A three-layer feedback ANN model with the propagation algorithm was constructed according to the results of univariate and sensitivity analyses. Data were randomly divided into the training group (80%) and testing group (20%) in our exploratory ANN prediction model. Sigmoid transfer functions were performed in the hidden and output layers. Gradient descent was used for assessing connection weights. The overfit penalty was pointed as 0.001, and the convergence criterion was 0.00001 [14]. The outcome variable transformed to the range from 0 to 1 by the normalization algorithm. Liver fibrosis reverse was predicted if the outcome was equal to or greater than 0.5. SPSS modeler 18.0 (SPSS Inc., Chicago, IL, USA) was used for the ANN model.

A stepwise logistic regression analysis was performed to construct a logit model for comparison with our ANN model. The probability for conditional stepwise entry predictors was 0.05 and that for the removal predictors was 0.10. The ROC curve was calculated to assess the sensitivity, specificity, positive and negative likelihood ratios, accuracy, and area under the ROC curve (AUROC). These analyses were performed using SAS 9.2 (SAS Institute Inc., Cary, NC, USA). P values below 0.05 were considered significant.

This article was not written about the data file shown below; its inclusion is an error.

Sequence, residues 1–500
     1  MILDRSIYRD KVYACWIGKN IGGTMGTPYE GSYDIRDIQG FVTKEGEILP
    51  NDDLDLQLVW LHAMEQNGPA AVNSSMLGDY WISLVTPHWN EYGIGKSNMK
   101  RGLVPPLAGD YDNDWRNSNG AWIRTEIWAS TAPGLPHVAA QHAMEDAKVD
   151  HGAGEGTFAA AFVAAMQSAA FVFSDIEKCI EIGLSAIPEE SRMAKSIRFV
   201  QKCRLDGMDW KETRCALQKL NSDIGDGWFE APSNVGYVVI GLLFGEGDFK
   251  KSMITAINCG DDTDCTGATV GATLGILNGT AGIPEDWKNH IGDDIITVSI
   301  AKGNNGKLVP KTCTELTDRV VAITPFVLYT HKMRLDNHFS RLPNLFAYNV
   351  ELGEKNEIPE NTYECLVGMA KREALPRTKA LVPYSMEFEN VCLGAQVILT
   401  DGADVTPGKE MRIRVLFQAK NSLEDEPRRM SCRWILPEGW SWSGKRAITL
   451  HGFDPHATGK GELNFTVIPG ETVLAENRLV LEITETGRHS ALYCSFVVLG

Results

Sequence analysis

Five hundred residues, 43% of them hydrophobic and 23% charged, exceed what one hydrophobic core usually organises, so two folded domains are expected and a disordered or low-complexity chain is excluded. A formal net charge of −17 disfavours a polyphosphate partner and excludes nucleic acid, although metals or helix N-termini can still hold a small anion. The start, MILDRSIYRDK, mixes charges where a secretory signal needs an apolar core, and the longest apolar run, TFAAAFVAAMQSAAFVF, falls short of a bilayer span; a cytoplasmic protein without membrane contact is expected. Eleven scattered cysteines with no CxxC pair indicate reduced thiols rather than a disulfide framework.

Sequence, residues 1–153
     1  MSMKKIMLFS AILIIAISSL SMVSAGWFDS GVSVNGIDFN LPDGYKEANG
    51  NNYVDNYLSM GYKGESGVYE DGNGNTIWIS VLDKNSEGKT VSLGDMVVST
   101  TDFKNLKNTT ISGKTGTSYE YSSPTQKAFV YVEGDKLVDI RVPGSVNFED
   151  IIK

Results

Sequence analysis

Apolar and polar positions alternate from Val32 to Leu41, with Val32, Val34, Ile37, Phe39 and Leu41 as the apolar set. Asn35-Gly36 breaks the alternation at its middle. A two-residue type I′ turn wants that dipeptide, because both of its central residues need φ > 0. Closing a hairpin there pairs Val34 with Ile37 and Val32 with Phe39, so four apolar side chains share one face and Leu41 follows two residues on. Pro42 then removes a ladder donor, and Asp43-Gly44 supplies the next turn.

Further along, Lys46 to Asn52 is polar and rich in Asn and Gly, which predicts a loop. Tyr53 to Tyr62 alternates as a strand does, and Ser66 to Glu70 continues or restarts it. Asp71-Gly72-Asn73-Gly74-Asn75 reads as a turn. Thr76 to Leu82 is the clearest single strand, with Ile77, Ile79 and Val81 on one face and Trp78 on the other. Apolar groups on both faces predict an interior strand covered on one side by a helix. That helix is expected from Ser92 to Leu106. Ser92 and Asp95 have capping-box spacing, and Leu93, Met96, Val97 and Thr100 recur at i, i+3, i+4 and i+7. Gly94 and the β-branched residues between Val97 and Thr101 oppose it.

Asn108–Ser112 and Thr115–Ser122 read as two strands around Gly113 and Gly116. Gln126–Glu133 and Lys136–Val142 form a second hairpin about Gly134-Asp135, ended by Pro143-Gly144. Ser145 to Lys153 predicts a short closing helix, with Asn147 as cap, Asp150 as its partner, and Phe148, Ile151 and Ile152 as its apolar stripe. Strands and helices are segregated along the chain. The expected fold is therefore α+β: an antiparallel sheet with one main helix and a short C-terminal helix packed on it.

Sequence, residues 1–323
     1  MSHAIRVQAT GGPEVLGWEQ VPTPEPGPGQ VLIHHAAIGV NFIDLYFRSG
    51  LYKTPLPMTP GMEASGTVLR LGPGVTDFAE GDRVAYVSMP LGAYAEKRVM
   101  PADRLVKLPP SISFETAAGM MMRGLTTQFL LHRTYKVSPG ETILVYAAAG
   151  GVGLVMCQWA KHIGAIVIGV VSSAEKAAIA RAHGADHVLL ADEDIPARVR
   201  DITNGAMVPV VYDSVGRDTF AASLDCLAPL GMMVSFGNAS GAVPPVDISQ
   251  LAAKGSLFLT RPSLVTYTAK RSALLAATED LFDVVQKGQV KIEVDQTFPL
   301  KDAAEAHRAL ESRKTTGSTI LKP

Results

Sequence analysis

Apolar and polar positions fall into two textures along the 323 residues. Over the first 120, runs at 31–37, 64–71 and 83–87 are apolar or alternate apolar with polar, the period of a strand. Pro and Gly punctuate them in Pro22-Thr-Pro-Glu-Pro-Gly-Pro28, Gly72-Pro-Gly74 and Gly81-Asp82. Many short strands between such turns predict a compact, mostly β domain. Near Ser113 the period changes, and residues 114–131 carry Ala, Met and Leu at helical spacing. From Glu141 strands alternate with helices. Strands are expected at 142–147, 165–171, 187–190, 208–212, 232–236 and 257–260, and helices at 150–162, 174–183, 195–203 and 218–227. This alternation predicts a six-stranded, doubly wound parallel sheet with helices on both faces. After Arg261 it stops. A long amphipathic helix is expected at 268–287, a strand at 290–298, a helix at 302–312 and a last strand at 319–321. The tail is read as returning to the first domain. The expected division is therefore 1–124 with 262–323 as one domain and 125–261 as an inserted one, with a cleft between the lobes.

3. Results

3.1. Distribution of Reverse and Nonreverse in CHB Patients after 1.5 Years of Therapy

A total of 298 patients with chronic HBV-induced fibrosis S2/S3 were enrolled in our study, and 141 patients consented to undergo liver biopsy after 1.5 years of antiviral therapy. About 39% (55/141) of patients were diagnosed reverse based on the Ishak scoring system (Figure 1).

3.2. Univariate Test Results for CHB Patients before and after Treatment

Our study found that HBVDNA (transformed to log10, t = 31.067, ), PLT (Z = 2.700, ), WBC (t = 4.651, ), ALT (Z = 15.555, ), AST (Z = 15.387, ), ALB (albumin; t = 4.711, ), CHE (Z = 4.952, ), TBIL (total bilirubin; t = 3.639, ), PT (t = 7.046, ), INR (international normalized ratio; t = 10.084, ), AFP (Z = 7.220, ), and LSM (t = 7.976, ) were statistically different between baseline and 78 weeks, which are manifested in Table 1.

Table 1: Patient characteristics at baseline and 78 w.
3.3. Multivariate Analysis of Reverse and Nonreverse Groups after 78 Weeks

At the end of 1.5 years, 141 patients undertook the second liver biopsy for assessing the curative effect. Fifty-five patients were diagnosed reverse and 86 patients were diagnosed nonreverse according to the Ishak scoring system. Seven variables were statistically significant and considered relevant to liver fibrosis reverse by univariate analysis: age (X2 = 4.059, ), PLT (Z = 3.478, ), WBC (t = 3.744, ), ALT (t = 1.988, ), AST (t = 3.060, ), CHE (Z = 3.217, ), and LSM (t = 2.024, ) (Table 2). A logistic regression was constructed to predict liver fibrosis reverse as follows: .

Table 2: Patient characteristics at 78 w between reverse and nonreverse groups.
3.4. ANN Analysis